Weather and Equipment
Gears and Gear
Gears and Gear
The Vercors sits at the juncture of three different weather systems - Oceanic, Mediterranean and Mountain but it is mainly a continental /Mediterranean climate which means a mild spring and autumn and a hot, dry summer with occasional and spectacular thunderstorms. Temperatures in high summer can be above 35°C but generally sit in the high twenties. Spring and autumn is usually between 18-25°C. Velo Vercors in St.Jean is at a height of 240m above sea level. Most of the plateau is in the region of 1000m and the highest climbs rise to 1,400m so during a typical ride from us to the plateau there can be a temperature drop of between 5-7 degrees. It can still be very hot on the plateau especially in the height of summer where temperatures in the mid thirties are not unusual but this is where the geology and weather work in our favour with an abundance of springs trickling through the limestone. Most villages and even small hamlets have a spring providing clean, fresh, drinking water. Although, there are local wind patterns the Vercors is not a windy place, the gorges are sheltered and even on the exposed parts of the plateau the wind is rarely a problem.
As it can be 5-10 degrees cooler on the plateau and there is an increased likelihood of rain, it is best to be prepared. A light rain jacket and arm warmers are worth carrying, even with it is dry and balmy in St.Jean. The descents are not particularly long, but plenty of time to get really cold if wet and the temperature is below 20 degrees. So carry a gilet or, Roger's top tip, a sheet of bubble wrap!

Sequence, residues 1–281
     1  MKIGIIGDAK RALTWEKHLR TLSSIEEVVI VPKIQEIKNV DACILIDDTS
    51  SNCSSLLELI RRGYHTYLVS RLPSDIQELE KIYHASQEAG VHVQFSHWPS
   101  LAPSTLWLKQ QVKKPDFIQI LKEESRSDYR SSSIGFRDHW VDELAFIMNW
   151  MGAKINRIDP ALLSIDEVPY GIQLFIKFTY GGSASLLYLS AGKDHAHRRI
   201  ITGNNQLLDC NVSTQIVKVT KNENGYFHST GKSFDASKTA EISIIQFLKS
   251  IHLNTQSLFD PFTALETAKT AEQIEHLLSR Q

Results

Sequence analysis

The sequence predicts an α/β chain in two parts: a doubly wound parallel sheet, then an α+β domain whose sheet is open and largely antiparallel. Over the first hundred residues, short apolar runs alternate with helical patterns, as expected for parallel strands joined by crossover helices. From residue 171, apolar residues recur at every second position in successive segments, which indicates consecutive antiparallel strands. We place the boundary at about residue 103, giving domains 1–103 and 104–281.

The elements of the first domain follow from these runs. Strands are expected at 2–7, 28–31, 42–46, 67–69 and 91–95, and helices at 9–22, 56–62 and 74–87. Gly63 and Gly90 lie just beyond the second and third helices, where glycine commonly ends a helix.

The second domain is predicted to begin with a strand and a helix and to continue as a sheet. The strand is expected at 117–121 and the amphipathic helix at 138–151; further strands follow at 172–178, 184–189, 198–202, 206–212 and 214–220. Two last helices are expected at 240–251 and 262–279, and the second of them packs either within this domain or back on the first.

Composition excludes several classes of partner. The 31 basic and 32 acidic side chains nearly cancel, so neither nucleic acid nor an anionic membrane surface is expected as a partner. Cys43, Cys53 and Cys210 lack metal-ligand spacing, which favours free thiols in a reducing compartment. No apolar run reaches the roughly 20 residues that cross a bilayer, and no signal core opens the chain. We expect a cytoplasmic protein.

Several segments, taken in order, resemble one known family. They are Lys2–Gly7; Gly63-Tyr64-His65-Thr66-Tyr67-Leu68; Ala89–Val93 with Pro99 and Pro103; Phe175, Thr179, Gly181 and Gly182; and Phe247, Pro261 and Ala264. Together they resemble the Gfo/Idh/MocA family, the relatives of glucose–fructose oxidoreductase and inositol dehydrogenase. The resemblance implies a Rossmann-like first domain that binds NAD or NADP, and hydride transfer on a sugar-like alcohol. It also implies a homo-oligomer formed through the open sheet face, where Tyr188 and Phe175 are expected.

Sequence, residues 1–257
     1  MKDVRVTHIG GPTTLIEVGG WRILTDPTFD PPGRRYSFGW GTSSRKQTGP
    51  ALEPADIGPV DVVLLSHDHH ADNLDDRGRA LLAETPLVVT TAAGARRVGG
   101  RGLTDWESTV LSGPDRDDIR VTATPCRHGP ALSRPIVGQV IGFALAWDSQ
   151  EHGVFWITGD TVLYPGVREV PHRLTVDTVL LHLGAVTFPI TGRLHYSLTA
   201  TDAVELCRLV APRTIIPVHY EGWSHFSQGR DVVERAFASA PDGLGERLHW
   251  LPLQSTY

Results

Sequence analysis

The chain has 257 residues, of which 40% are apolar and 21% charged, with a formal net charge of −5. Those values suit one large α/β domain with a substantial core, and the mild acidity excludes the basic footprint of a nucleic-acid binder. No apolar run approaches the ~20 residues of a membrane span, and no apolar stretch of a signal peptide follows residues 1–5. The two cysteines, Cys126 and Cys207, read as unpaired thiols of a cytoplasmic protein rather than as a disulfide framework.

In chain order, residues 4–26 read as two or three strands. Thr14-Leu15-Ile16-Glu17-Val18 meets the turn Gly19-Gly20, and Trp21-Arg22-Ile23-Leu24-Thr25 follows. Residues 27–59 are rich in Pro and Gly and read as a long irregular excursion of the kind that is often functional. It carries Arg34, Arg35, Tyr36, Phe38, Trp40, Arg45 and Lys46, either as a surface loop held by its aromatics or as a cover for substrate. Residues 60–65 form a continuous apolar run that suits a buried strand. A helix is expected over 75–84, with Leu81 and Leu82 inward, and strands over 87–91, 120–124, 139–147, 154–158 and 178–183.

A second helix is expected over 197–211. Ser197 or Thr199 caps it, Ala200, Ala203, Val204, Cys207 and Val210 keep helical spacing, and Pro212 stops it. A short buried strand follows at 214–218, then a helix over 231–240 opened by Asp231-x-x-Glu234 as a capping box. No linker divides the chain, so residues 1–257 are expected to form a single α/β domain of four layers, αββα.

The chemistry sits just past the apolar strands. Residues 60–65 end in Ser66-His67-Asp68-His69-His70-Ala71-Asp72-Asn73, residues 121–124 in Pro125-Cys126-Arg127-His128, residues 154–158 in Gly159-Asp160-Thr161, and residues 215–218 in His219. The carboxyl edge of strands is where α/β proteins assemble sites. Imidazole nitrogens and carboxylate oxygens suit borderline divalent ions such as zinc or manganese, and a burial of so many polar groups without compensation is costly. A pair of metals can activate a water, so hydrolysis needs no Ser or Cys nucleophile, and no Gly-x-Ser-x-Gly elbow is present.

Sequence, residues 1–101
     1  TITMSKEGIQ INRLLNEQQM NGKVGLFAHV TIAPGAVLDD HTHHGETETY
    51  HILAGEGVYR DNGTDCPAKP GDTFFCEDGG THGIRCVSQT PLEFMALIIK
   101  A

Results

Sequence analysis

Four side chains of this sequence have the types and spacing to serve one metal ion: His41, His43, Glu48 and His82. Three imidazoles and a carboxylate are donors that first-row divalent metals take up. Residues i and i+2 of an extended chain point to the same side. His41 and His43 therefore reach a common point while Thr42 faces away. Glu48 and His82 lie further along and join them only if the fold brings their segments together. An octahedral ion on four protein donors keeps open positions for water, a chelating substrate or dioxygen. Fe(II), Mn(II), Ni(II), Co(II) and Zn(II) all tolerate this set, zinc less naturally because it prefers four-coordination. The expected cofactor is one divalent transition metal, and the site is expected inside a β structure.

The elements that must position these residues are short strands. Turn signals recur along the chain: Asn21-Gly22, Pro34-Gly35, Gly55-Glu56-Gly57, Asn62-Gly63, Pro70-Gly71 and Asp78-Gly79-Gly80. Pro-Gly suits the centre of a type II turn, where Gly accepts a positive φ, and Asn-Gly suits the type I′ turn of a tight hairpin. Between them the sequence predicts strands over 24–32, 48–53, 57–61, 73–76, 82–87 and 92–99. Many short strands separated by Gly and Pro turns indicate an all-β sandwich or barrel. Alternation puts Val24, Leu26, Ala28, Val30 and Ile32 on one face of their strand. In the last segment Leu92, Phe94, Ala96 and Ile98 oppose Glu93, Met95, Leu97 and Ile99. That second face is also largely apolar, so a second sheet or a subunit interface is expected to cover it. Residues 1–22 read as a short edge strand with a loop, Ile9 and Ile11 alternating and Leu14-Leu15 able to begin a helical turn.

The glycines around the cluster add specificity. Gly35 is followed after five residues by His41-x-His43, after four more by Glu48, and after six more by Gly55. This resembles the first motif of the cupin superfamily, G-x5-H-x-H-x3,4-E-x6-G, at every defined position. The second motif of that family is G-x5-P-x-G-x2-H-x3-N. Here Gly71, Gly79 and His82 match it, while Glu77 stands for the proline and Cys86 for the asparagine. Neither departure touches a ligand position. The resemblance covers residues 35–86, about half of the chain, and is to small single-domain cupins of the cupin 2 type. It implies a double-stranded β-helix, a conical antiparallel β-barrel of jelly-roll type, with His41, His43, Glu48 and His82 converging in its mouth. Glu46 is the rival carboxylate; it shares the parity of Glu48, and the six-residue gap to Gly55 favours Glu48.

As there are no bike shops in the Vercors National Park it is recommended to carry essential spares - at the minimum a puncture repair kit or inner tube, multi-tool and pump or CO2 inflator. The nearest, quality cycle shop, to Velo Vercors, is in Romans-sur-Isere (Cycles Cassese).
The climbs are not particularly steep or particularly long, by high alps standards. Typically, the Vercors climbs have an average gradient of 5-7%with only the occasional steeper sections at 8-9% and some very short kicks above 10%. If reasonably strong and fit, a standard double chainring with a 39-tooth inner ring and at least a 25-tooth cog on the rear cassette is fine to do these climbs. To make it a little easier, and ride at a slightly lower speed or higher cadence, a cassette with a 28-tooth cog on the back is probably the best combination. If less fit, or there is a preference to ride at a higher cadence or slower pace, then it is recommended to ride a compact chainset (eg. 50-34) with a rear 28.